Australia is also working through non-government organisations to support vulnerable communities to increase their resilience to climate change by understanding the risks and finding ways to improve food security and diversify fishing and farming approaches.
Australia also provides indirect support by integrating climate considerations into its broader aid investments in Papua New Guinea, particularly in transport, health, education, disaster risk reduction and infrastructure. For example, the Transport Sector Support Program is supporting the Papua New Guinea Government to apply climate and disaster risk reduction in engineering, construction and maintenance of climate resilient roads, bridges and wharves. Under the new Economic and Social Infrastructure Program ($130 million, 2019-22), Australia will continue to ensure best practice standards are adopted for low carbon, climate resilient infrastructure and renewable energy.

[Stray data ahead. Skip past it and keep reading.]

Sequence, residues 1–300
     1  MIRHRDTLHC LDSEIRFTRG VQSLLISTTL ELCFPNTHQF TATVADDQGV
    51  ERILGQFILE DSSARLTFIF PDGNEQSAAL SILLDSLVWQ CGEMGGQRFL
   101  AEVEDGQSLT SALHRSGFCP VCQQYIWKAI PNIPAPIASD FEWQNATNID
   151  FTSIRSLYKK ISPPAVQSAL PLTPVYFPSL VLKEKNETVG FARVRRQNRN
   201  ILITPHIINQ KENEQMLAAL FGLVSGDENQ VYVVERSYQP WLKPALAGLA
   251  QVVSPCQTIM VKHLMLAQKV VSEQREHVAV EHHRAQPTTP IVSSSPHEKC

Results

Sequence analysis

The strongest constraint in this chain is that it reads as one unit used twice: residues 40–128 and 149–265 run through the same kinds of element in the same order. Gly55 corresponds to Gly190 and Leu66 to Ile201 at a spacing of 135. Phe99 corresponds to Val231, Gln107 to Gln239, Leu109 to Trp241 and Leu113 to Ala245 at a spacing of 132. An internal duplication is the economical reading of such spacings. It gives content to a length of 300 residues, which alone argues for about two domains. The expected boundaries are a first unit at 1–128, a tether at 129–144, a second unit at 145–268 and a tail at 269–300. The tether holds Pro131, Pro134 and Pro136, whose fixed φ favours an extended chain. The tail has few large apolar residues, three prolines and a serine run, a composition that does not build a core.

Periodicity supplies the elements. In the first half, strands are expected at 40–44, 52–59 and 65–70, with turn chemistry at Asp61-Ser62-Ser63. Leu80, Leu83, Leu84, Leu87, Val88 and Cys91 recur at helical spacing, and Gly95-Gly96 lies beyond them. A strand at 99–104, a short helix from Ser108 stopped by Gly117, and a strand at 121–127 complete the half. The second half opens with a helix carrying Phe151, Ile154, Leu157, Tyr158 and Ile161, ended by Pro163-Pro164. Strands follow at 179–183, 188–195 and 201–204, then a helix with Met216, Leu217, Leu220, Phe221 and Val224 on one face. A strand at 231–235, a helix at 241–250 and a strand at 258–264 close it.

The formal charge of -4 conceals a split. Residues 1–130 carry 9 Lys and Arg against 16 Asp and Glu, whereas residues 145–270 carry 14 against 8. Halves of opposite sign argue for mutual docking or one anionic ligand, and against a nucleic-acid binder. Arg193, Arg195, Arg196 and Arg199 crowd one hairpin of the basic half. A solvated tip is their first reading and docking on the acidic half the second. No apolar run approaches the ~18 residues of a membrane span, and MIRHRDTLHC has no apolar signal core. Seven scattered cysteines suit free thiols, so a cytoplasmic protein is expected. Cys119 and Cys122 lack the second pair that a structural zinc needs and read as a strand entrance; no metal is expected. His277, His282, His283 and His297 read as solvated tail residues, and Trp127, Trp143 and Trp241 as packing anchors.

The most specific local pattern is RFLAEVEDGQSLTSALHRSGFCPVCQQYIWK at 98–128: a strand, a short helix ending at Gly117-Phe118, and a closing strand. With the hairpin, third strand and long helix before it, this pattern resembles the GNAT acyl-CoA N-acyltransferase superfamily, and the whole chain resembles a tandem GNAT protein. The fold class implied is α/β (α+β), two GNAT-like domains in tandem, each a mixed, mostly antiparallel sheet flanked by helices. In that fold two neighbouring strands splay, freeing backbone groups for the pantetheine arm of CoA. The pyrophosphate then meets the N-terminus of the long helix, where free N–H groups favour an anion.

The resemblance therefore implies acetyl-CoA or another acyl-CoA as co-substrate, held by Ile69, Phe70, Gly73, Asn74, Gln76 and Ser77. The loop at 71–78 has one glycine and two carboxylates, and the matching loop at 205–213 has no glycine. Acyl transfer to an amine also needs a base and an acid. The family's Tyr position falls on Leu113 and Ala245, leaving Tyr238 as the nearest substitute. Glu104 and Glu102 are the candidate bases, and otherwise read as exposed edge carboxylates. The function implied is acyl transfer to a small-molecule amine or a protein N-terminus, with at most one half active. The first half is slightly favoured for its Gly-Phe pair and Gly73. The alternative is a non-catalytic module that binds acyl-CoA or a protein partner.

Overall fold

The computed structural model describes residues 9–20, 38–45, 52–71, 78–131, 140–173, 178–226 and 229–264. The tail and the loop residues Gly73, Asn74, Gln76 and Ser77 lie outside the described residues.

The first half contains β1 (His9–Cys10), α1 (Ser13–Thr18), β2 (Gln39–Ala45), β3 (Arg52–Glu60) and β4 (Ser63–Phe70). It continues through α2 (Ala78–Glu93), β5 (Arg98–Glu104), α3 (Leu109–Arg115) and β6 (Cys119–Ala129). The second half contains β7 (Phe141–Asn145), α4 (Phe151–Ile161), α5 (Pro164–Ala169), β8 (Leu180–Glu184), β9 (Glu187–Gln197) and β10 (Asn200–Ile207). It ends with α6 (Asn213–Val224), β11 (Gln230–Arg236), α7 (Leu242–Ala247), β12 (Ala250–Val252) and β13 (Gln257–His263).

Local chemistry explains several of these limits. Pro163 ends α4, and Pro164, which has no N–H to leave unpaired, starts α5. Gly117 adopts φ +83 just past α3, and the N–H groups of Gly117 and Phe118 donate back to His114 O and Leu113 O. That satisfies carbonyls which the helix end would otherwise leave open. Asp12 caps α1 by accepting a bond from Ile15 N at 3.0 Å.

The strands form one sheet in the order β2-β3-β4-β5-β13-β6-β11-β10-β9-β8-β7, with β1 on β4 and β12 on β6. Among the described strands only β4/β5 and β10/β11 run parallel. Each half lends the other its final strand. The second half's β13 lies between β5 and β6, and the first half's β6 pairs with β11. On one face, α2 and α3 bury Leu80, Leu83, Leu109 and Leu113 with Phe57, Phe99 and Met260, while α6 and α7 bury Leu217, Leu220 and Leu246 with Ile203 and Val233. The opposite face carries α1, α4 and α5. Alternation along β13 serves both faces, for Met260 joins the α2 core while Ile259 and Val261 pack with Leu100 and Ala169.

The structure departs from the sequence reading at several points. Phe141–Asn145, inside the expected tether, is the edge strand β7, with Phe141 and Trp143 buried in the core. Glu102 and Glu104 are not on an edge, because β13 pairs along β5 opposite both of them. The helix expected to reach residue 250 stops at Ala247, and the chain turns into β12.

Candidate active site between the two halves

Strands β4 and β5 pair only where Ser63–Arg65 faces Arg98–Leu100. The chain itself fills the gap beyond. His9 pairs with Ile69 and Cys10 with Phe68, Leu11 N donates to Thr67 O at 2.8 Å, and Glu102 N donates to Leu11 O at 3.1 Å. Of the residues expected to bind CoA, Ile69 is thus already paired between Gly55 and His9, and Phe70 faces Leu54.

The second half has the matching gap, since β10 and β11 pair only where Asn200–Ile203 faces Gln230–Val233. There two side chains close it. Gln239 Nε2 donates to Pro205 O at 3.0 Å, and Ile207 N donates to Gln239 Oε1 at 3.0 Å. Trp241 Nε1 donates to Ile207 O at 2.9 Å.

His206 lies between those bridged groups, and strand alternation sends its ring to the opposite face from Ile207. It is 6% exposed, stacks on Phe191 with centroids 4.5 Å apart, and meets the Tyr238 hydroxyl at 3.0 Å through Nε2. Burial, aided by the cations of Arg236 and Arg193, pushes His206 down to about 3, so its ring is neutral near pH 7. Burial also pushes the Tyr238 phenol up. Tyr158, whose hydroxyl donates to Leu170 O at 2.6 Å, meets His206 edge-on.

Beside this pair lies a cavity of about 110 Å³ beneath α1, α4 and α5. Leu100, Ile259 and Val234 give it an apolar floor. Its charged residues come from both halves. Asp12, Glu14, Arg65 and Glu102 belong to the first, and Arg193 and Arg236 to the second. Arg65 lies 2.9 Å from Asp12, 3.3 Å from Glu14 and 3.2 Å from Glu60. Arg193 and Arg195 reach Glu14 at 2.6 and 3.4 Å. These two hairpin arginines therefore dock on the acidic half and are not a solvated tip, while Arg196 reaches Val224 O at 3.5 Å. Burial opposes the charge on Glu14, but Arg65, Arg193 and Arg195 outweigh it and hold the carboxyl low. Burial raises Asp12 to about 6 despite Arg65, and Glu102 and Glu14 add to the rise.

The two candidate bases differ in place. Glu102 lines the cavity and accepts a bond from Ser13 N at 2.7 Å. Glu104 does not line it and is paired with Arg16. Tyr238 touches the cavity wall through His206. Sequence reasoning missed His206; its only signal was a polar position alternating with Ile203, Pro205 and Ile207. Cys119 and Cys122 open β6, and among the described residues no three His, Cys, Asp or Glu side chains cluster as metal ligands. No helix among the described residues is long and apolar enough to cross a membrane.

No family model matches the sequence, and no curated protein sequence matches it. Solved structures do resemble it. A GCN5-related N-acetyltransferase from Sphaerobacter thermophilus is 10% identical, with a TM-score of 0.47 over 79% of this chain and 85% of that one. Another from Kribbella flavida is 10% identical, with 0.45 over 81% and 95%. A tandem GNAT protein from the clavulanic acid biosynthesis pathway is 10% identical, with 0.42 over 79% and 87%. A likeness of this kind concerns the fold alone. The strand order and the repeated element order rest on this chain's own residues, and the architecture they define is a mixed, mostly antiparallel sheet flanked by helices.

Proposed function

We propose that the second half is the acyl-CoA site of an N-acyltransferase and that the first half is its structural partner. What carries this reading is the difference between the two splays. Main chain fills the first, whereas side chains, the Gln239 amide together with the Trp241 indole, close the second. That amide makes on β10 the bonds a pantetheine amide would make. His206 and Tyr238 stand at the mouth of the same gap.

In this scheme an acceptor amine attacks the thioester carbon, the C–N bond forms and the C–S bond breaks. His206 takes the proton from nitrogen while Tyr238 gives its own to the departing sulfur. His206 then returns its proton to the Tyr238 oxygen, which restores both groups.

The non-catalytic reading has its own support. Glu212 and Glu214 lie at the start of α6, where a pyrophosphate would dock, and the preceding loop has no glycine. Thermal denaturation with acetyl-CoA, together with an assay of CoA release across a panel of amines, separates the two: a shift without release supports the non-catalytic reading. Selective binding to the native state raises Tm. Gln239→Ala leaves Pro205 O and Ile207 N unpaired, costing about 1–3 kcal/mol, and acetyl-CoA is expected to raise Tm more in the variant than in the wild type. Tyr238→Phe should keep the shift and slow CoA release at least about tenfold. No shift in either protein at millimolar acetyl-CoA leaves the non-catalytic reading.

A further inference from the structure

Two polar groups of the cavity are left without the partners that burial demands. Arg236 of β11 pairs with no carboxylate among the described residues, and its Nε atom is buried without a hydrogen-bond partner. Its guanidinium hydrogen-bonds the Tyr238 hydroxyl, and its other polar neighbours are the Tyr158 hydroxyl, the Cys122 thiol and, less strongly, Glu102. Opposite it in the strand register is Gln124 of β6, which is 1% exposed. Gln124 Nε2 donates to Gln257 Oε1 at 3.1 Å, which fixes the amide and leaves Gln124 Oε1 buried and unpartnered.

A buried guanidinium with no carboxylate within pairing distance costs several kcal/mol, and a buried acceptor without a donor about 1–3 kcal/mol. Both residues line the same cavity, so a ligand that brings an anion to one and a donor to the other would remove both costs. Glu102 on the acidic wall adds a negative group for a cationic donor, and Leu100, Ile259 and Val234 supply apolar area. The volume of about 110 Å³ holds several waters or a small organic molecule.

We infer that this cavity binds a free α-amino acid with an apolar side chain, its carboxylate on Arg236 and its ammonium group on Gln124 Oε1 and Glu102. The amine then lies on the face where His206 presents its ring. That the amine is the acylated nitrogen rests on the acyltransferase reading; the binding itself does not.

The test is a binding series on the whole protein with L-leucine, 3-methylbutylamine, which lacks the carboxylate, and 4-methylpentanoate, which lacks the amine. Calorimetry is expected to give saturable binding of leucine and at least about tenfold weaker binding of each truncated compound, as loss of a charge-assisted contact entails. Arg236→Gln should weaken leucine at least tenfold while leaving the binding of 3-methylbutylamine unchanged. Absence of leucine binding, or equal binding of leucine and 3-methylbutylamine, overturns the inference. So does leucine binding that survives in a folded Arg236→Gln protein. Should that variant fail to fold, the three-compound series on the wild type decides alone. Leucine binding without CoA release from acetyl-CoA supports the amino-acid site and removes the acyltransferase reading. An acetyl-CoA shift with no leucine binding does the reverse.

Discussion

Disaster preparedness and response
Australia assists Papua New Guinea to develop its disaster response capacity through ongoing technical support to the National Disaster Centre, and work with international partners to strengthen Papua New Guinea's disaster response system. Australia is providing technical assistance through Geoscience Australia to build the capacity of early warning systems for geo-hazards such as volcanoes. We are also supporting the Red Cross Society to enhance its capacity to prepare for and respond to disasters. If the PNG Government makes a request for international assistance in the event of a significant disaster, Australia has the capacity to rapidly deploy humanitarian assistance to Papua New Guinea in conjunction with humanitarian partners.